Saturday, December 13, 2008

Review - Rock and Roll Cage Match

Rock and Roll Cage Match: Music's Greatest Rivalries, Decided (2008) is a fun read, a book that isn't comprehensive, or convincing, or consistent, yet will amuse you if you have been plugged into music over the past 40 years or so. The editor, Sean Manning, has chosen several music critics to weigh in on musical duels, for example, Phil Collins vs. Sting, or ABBA vs. the Bee Gees. (I don't know who actually chose the match-ups.)

As you can guess, the quality is uneven - The Album vs. The Single, rendered as a comic strip, struck me as particularly uninteresting - but, taken as a whole, pretty high. Occasionally too precious for insight, perhaps (I really couldn't tell if the selection of Bon Jovi over Bruce Springsteen was ironic), but the writing is generally varied enough to stave off fatigue.

If there is a problem, it's the lack of snark. The writers generally admire, at least to some extent, both of the "contenders," so there are fewer laughing out loud digs than I would have favored; I expected Whitney Pastorek to go to town on Mariah Carey in her battle with Whitney Houston, but she was relatively respectful (though her description of Carey's "The Noise" is chuckle-provoking).

What will strike you is that, at their best, these short essays (generally 8-10 pages) reveal something of the writer and why one band's music means so much. Gideon Yago's tale of Metallica vs. Nirvana has in it echoes of anyone who's ever found a sound that resonates in their soul, touches them deeply in (possibly) a life-transforming way. This seems to be universally true, not just in this book but in other music writing, that the attachments formed in adolescence are particularly meaningful. Yago first heard Nirvana at a time in his life he needed to, and it becomes fairly clear which way this duel will come out.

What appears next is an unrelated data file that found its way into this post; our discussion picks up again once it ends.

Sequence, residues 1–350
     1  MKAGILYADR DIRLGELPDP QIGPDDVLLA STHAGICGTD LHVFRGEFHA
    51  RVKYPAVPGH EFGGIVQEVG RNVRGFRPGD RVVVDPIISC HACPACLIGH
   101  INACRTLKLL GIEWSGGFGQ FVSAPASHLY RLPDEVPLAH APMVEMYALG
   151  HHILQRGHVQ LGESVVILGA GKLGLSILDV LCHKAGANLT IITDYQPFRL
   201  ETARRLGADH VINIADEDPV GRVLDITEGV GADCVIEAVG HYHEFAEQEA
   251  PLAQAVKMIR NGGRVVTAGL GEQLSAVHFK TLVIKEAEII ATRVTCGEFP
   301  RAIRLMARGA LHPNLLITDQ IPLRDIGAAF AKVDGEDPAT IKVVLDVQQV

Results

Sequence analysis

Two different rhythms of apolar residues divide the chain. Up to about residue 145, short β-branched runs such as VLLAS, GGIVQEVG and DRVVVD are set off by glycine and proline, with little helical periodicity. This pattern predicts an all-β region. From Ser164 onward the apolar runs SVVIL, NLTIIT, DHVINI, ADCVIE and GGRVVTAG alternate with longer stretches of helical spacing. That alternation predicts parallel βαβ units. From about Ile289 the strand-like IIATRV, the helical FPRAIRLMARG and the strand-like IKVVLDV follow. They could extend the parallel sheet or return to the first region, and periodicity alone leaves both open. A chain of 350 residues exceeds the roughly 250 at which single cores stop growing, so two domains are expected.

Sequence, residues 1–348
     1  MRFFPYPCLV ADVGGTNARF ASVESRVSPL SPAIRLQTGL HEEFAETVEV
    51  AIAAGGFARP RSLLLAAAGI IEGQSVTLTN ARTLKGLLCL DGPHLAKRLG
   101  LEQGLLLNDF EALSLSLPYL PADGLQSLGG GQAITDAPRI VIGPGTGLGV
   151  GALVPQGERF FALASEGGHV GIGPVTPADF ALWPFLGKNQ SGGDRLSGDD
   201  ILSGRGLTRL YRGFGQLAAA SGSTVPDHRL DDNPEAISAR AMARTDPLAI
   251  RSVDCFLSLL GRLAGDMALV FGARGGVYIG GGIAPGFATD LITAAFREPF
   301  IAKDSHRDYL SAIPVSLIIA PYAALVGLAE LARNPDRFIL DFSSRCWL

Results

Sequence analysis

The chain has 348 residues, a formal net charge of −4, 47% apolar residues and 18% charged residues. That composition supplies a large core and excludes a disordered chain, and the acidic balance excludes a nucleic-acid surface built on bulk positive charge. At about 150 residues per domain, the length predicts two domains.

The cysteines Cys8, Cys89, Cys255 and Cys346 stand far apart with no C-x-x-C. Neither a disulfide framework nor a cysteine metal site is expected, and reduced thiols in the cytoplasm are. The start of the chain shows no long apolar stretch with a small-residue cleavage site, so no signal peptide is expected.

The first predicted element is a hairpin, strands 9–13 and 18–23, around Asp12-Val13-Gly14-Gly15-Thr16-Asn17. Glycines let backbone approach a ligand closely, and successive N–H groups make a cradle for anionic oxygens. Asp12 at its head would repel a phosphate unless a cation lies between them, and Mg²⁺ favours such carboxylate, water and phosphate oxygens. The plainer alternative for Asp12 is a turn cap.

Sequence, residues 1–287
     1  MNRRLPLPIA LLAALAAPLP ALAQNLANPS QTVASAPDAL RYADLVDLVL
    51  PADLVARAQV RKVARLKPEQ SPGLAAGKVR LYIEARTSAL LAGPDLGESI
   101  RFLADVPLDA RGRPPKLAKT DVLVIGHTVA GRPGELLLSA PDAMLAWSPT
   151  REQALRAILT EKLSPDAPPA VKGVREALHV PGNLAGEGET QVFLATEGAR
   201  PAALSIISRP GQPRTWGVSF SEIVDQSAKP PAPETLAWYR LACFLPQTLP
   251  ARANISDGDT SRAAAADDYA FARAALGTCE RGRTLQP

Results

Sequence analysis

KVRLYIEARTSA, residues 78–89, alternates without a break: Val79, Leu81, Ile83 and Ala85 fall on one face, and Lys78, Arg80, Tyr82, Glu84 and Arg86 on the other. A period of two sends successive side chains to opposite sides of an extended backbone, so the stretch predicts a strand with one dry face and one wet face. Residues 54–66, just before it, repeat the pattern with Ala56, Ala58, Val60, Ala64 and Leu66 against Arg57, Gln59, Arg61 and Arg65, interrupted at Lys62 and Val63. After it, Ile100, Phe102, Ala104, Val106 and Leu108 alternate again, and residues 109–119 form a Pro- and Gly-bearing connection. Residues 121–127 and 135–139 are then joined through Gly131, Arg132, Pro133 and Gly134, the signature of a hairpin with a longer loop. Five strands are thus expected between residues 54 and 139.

But that's OK, these are personal essays, and the process of getting there is far more important than how the matches really end up. There will still be people who believe that Lennon is a god and McCartney just a purveyor of silly love songs, no matter the evidence presented here. The writers here, though, are skilled enough to make you care about their opinion, and they turn a book that could have been silly into fascinating looks at the work and times of these musicians.

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